Channel Islander imprisoned in Kislau Workhouse:
By Roderick Miller
Only one Channel Islander is known to have been imprisoned in Kislau Workhouse (Arbeitshaus Kislau) in Bad Schönborn in the German state of Baden-Württemberg. Kislau Workhouse was housed in Kislau Castle (Schloss Kislau), originally a hunting lodge built in 1721. By 1813, the lodge had been repurposed as a military caserne and hospital, and in 1824 it was turned into a state prison and workhouse.
After Hitler seized power in 1933, part of Kislau Castle became a regional concentration camp (Konzentrationslager Kislau) for German political opponents of the Nazis as well as a ‘re-education camp’ for former German members of the French Foreign Legion who wished to reintegrate into a German society being redefined by the Nazis. Socialist parliament member Ludwig Marum was murdered in Kislau Concentration Camp in 1934 by members of the SA and SS. The concentration camp was closed in early 1939 and its remaining prisoners transported to Dachau Concentration Camp.
Kislau Prison and Kislau Workhouse continued their functions in the Nazi era. The prison was housed in buildings on the north end of the walled castle compound (see site plan in pictures), and Kislau Workhouse quartered its inmates in the main castle building. Officials from the prison administration were also housed in the main castle building. In 1940 the site was inspected by two of Himmler’s representatives to assess if it could be utilised anew as a concentration camp, but the plan was never realised. By 1942, the prisoners in the castle consisted of a mix of Spanish communists, Poles, Frenchmen, Belgians, and so-called Arbeitsverweigerer — men imprisoned for ‘refusing to work’, but actually often just homeless people or those with substance addictions or mental disorders.
Channel Islander Charles Burley, after imprisonment in an as-yet unknown prison in France, was transported to Kislau Workhouse on 15 April 1944. Burley had been convicted of ‘manufacture of a leaflet, prohibited reception of wireless stations and dissemination of anti-German information’, and the reason for his transfer to Kislau Workhouse was probably because the workhouse had requested additional forced labour from a nearby prison, most likely Karlsruhe Prison, whence evidence exists of his imprisonment. His length of stay in Kislau is uncertain, but by 22 December 1944 he was in Bernau Prison and Forced Labour Camp.
After Mannheim Prison and Saarbrücken Prison were badly damaged in allied air raids in spring 1944, Kislau Prison absorbed a number of prisoners from there, and Burley likely found himself in a very crowded cell. The prisoner count had in fact increased drastically, from 315 in June 1942 to 459 by July 1944. Prisoners performed forced labour from 6am until 10pm with a one-hour break for lunch. They worked in the prison kitchens or workshops, on the 110-hectare prison farm, clearing canebrakes from the area, or renovating prison buildings. Prisoners would typically have had to deal with poor hygienic standards, pests such as lice, fleas and bedbugs, insufficiently warm clothing and poor heating in winter, and rations barely sufficient to keep them alive. No testimonials have yet been found from survivors of Kislau Workhouse, but Charles Burley was certainly made to perform forced labour in some capacity there.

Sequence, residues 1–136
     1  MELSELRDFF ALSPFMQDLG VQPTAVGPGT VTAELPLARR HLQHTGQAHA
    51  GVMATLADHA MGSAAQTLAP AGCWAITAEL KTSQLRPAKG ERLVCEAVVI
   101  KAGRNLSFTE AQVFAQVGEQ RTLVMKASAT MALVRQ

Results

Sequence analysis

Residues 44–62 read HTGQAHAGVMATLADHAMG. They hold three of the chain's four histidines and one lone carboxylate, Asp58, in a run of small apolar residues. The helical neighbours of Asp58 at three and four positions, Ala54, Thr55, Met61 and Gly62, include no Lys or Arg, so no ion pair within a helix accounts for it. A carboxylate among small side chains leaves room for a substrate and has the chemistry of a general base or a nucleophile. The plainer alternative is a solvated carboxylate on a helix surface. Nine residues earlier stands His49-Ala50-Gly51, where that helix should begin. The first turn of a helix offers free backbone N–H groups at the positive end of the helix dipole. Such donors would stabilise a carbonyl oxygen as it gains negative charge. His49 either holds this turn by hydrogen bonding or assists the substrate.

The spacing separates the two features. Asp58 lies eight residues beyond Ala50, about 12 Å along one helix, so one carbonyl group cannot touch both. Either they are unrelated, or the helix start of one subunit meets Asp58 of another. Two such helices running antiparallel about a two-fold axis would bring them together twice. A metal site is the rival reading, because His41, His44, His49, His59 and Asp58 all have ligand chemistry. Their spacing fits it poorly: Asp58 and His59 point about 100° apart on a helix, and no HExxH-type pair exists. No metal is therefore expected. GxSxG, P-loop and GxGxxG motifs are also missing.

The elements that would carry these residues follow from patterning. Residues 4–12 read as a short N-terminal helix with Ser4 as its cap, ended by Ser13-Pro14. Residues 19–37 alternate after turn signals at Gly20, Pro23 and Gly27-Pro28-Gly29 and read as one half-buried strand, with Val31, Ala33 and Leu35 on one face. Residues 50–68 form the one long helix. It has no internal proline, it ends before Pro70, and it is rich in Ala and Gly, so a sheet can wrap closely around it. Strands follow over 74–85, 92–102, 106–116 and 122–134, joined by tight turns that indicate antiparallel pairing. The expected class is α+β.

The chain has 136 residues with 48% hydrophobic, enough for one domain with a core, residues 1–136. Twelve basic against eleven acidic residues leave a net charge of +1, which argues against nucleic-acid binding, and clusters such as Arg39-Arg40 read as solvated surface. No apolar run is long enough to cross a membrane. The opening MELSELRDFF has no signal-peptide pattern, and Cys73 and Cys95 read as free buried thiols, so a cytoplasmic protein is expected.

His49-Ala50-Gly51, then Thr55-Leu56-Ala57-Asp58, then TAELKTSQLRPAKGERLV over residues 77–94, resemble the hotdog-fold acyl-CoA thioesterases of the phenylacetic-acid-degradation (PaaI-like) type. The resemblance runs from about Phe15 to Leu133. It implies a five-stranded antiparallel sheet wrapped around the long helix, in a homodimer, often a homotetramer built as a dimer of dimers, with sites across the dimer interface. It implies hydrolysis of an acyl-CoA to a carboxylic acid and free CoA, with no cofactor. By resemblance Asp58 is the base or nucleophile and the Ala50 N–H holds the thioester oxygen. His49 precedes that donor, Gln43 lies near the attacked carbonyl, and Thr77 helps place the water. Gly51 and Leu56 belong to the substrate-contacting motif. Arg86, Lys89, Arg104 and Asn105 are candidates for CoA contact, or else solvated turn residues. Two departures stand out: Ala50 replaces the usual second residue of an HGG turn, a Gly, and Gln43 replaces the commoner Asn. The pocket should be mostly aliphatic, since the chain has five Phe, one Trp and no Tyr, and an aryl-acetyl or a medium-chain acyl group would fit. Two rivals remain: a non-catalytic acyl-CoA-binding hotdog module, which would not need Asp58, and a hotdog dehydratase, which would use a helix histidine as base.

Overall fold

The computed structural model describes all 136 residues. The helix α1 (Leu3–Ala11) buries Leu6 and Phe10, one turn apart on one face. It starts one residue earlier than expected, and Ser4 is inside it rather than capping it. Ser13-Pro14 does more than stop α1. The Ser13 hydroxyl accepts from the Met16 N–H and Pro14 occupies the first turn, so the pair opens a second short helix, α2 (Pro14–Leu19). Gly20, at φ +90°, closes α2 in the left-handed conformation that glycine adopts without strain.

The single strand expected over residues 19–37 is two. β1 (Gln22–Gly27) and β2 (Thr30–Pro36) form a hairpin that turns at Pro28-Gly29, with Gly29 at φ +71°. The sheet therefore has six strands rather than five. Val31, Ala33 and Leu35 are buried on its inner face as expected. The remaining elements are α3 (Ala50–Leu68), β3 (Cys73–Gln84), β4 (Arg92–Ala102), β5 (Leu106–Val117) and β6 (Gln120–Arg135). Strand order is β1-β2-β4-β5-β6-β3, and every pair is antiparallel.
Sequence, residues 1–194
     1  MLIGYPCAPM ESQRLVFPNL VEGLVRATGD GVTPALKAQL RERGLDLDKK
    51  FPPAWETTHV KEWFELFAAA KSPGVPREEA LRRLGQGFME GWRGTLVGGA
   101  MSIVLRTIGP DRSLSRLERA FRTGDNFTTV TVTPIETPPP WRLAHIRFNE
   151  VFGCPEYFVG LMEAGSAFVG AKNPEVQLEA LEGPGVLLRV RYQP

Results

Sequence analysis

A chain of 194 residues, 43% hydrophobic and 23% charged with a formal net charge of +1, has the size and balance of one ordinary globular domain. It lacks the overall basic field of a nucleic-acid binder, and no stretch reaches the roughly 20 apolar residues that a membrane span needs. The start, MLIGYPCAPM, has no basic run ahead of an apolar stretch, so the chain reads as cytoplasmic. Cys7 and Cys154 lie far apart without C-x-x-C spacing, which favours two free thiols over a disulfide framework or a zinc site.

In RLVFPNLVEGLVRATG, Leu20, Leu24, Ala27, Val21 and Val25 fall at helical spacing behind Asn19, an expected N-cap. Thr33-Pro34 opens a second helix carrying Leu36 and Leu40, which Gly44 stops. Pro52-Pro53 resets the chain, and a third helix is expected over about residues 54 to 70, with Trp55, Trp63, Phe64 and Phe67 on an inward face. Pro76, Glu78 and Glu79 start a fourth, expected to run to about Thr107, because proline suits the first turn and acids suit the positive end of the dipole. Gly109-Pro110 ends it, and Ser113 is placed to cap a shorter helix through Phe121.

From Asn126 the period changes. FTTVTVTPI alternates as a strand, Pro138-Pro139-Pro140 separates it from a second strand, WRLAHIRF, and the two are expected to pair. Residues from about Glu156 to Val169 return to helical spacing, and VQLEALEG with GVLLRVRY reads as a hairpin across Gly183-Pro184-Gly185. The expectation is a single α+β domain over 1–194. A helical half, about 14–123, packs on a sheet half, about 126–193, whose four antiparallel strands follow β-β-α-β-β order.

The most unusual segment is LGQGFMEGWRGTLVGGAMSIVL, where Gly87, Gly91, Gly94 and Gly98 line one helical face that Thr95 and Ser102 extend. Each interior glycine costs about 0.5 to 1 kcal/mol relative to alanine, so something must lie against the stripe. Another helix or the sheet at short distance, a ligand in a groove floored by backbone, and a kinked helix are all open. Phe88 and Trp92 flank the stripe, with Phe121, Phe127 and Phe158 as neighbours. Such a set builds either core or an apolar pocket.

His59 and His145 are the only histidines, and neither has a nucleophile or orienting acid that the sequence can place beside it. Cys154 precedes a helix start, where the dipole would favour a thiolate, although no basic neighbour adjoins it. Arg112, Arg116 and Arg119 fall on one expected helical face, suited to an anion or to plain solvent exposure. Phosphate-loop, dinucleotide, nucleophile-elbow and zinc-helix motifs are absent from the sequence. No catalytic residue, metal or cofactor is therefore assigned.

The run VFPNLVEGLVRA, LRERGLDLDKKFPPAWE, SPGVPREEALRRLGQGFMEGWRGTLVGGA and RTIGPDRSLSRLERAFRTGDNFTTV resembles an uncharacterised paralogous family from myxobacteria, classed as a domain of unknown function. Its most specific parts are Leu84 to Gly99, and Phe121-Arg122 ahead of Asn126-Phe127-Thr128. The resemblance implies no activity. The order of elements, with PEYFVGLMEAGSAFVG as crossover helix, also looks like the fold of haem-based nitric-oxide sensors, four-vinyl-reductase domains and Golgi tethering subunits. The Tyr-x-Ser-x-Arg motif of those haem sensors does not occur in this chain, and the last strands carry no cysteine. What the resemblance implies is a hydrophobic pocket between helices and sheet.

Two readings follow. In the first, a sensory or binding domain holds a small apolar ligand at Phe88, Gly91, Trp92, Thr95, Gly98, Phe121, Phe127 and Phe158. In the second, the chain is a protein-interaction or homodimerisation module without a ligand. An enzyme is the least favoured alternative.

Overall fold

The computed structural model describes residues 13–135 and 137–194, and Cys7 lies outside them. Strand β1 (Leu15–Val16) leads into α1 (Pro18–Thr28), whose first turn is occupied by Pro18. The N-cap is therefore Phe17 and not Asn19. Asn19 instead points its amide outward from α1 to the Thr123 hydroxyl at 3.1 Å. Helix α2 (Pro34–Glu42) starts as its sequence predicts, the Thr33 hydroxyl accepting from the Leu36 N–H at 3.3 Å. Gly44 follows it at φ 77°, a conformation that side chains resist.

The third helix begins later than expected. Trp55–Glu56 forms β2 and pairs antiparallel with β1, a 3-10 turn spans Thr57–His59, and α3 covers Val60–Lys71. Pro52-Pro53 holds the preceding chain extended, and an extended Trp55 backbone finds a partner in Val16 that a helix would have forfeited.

Kislau Castle compound was occupied by French troops on 2 April 1945, but its prisoners not liberated until the following 18 May. Immediately after the war, it was a refugee centre, but continued thereafter as a prison. From 1970 to 1991, it was a branch prison of Karlsruhe Prison, since then it has been operated by Bruchsal Prison and continues in that capacity to the current day.
In 1985, a memorial to murdered Socialist politician Ludwig Marum was erected in the castle courtyard in the form of a concrete column. Since 2015, the non-profit organization Lernort Zivilcourage & Widerstand e. V. (‘Place of Learning for Civil Courage and Resistance’) has been working at the site of the former concentration camp, prison, and workhouse, with the goal of building a learning centre there.
Borgstedt, Angela: ‘Das nordbadische Kislau: Konzentrationslager, Arbeitshaus und Durchgangslager für Fremdenlegionäre’, in (Wolfgang Benz and Barbara Distel, publishers) Herrschaft und Gewalt: frühe Konzentrationslager 1933-1939 (in German), Metropol, Berlin, 2002, pp. 217–229.
Borgstedt, Angela: ‘Kislau’ (in German), in Wolfgang Benz, Barbara Distel, & Angelika Königseder (publishers), Der Ort des Terrors: Geschichte der nationalsozialistischen Konzentrationslager, Volume 2, CH Beck, 2005, pp. 134-136
International Tracing Service Arolsen, Catalogue of Camps and Prisons in Germany and German-occupied Territories, 1949-1951, p. 150 under ‘Mingolsheim’.
International Tracing Service, Wiener Library, London:
Kislau records for Charles Burley, ref. no. 1142315, 11416837, 11539993